I recently visited the tiny fishing village El Ñuro in northern Peru where the benefits of incentivizing sea turtle conservation are readily apparent. In this town in the middle of nowhere, light years away from the cosmopolitan capital Lima, villagers have created Paraiso Natural de las Tortugas – a natural ‘amusement park’ made from a converted fishing pier frequented by sea turtles. The day I visited, throngs of visitors were there swimming with the turtles, having paid the entrance fee, gone through the information kiosk, and bought turtle bracelets (not of tortoiseshell) and t-shirts. Residents and fishers from a wide area have realized the worth of using by-catch reduction gear, keeping plastic bags out of local waters, and stopping the take of adult turtles and turtle eggs for food to protect local turtle populations. Messaging alone would probably not have changed townspeople’s attitudes about turtles – but demonstrating how turtles could be more valuable alive than dead has led to their protection.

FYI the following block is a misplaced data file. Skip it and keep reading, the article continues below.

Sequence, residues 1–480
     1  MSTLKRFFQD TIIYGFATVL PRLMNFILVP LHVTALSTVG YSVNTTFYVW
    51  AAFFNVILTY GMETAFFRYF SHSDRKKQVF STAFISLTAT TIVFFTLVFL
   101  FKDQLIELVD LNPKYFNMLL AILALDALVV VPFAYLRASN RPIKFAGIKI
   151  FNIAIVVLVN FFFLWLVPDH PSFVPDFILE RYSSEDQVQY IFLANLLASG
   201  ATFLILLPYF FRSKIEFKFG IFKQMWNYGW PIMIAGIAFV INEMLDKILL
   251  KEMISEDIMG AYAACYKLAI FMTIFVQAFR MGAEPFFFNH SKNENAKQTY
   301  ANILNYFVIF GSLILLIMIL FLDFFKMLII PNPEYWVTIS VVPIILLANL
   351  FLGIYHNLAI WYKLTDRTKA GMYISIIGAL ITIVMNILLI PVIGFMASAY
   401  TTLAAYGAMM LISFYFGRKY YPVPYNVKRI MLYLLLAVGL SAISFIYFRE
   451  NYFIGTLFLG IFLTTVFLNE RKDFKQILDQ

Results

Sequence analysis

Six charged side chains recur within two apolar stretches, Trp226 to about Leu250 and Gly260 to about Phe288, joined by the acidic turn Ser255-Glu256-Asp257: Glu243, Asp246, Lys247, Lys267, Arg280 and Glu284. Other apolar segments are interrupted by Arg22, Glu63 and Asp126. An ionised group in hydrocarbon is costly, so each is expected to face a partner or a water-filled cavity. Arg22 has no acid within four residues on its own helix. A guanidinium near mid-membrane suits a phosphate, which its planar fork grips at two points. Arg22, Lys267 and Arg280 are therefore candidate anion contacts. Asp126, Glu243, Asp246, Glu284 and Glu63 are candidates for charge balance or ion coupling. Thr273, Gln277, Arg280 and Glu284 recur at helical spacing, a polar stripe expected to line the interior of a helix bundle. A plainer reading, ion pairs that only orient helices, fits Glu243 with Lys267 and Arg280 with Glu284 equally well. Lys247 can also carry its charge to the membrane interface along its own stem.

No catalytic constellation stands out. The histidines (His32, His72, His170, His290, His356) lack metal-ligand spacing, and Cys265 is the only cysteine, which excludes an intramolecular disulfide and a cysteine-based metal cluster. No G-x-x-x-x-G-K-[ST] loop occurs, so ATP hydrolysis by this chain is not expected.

Target the right audiences

A separate issue with conservation marketing is whether messaging and marketing to promote EBM and ocean conservation reach the right audiences – the people who can effect change. If consumers drive an ocean use, they can indeed make a difference in how they consume and are therefore the right audience. This is why consumer choice campaigns revolving around sustainable seafood can lead to good conservation outcomes.